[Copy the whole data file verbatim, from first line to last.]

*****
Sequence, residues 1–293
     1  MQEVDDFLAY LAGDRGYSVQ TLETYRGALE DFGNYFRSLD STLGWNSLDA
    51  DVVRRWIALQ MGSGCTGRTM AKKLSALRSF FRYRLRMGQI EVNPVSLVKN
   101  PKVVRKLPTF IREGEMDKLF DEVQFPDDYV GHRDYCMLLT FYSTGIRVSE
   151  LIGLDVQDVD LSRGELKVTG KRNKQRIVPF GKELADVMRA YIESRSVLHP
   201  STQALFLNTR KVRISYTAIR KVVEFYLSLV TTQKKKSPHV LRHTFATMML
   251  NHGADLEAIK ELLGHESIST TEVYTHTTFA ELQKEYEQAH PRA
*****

Sequence, residues 1–293
     1  MQEVDDFLAY LAGDRGYSVQ TLETYRGALE DFGNYFRSLD STLGWNSLDA
    51  DVVRRWIALQ MGSGCTGRTM AKKLSALRSF FRYRLRMGQI EVNPVSLVKN
   101  PKVVRKLPTF IREGEMDKLF DEVQFPDDYV GHRDYCMLLT FYSTGIRVSE
   151  LIGLDVQDVD LSRGELKVTG KRNKQRIVPF GKELADVMRA YIESRSVLHP
   201  STQALFLNTR KVRISYTAIR KVVEFYLSLV TTQKKKSPHV LRHTFATMML
   251  NHGADLEAIK ELLGHESIST TEVYTHTTFA ELQKEYEQAH PRA